1 policeman killed in Kabul hotel attack, Afghan ministry says
Taliban takes responsibility for attack on compound housing foreigners
A group of militants, including a suicide truck bomber, targeted a Kabul guesthouse for foreign contractors early on Monday, killing one policeman and wounding four, Afghan authorities said. The Taliban claimed responsibility for the attack.
The Interior Ministry said "terrorists" used a truck full of explosives to breach the perimeter wall of the Northgate Hotel around 1:30 a.m. local time. Three gunmen then entered the premises and started shooting.
The ministry's deputy spokesman Najib Danish said the truck driver was killed when he detonated the explosives. The blast in the eastern part of the Afghan capital shook the city and was followed by widespread power outages. A Taliban statement said they had sent heavily armed operatives as part of the attack.
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Abdul Rahman Rahimi, the Kabul chief of police, said all the attackers who were on foot had been killed and that none of the hotel's residents were harmed. A man identifying himself as Steve Jones answered the phone at the hotel and said all the guests were safe. "We have 100 percent accountability," he said.
However, as daylight broke and Afghan policemen deployed at the site kept the roads leading to the hotel sealed off, questions remained as to how the insurgents were able to bring a truck loaded with explosives into the Afghan capital.
Foreign guesthouses have long been a Taliban target. The Northgate Hotel was attacked in July 2013, in a similar manner, with a truck bomb breaching the gate and gunmen storming the compound. Reports at the time said that four security guards were killed before the attackers were shot dead.
The Northgate, which is east of Kabul's international airport and near the Bagram Air Base, is typical of many pre-fabricated compounds that offer secure accommodation to foreigners working in the Afghan capital. According to its website, it offers much the same services as any hotel, along with high security, sniffer dogs, airport transfers and "background checks, if necessary."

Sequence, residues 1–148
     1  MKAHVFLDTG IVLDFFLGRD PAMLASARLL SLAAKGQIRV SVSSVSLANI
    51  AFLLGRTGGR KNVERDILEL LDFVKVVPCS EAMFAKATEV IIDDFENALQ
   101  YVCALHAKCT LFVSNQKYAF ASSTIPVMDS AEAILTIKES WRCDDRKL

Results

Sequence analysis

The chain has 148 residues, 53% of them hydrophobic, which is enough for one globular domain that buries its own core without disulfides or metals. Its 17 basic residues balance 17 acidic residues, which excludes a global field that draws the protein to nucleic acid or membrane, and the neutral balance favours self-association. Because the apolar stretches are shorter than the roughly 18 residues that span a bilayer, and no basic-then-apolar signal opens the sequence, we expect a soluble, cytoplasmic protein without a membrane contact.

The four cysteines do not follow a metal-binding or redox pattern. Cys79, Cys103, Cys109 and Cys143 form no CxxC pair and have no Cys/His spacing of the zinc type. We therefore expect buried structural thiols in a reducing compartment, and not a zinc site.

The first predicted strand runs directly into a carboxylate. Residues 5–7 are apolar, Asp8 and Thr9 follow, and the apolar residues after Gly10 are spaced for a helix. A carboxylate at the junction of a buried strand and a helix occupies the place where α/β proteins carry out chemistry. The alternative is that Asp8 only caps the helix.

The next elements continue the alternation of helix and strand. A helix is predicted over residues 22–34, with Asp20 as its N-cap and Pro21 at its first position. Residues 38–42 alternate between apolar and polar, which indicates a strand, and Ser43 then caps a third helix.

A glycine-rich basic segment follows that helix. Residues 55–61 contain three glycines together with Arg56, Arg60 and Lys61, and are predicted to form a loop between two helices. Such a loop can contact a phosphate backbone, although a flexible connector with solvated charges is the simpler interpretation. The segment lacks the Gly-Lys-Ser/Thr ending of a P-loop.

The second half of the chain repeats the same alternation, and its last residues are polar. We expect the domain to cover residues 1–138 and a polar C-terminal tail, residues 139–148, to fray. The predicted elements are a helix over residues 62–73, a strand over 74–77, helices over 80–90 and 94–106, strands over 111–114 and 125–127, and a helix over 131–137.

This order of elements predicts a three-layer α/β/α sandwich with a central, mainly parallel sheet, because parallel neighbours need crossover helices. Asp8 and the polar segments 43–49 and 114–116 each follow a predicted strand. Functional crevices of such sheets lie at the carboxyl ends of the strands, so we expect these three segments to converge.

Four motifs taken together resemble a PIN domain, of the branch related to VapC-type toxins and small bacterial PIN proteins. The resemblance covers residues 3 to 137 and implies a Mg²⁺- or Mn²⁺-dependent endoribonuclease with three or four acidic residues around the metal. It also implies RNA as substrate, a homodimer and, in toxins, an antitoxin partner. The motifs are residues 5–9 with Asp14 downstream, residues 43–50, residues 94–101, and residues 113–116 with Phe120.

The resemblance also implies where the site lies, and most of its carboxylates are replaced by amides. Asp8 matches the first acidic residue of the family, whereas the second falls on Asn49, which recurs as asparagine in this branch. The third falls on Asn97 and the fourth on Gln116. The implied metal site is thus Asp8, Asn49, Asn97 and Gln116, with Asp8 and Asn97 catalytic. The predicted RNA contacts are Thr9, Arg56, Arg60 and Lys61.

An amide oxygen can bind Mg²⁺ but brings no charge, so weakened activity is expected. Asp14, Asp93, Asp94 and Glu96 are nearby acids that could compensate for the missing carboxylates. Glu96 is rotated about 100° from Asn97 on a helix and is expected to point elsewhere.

The ministry's statement on the hotel attack said that police commandos arrived and surrounded the facility, but had to be careful because fuel tankers were stored in the area. They waited until dawn before trying to find the gunmen. "The operation finished at 7:30 am when the terrorists were killed," the statement said.
Monday's attack followed a massive suicide bombing that struck a peaceful rally by Afghanistan's minority ethnic Hazara community on July 23 that killed more than 80 people and wounded hundreds. The Hazaras were rallying to call for a power project to be rerouted through their impoverished region in the central highlands when the suicide bomber hit.
That attack was claimed by the Islamic State group, which emerged last year in Afghanistan as an affiliate of the militant group fighting in Iraq and Syria. It was the IS Afghan branch's first assault in Kabul and the deadliest attack in the Afghan capital since the U.S.-led invasion to oust the Taliban regime in 2001.
The Taliban statement on Monday's attack noted that guesthouses occupied by foreigners, especially "Americans invaders," are frequent targets.
In May 2015, the Taliban struck the Park Palace guesthouse in central Kabul, killing 14 people, including nine foreigners. In December 2014, four people, including three members of a South African family, were killed in a Taliban attack on the compound of a U.S.-based educational charity.
Truck bombs, however, remain a major concern for Afghan authorities because of the potential for huge casualties, especially in the built-up suburbs of the capital. Last August, a huge explosion in the Shah Shaheed area was attributed to a truck bomb having possibly detonated prematurely. The death toll was officially put at around 15, with hundreds wounded and a massive crater left in the middle of the residential area.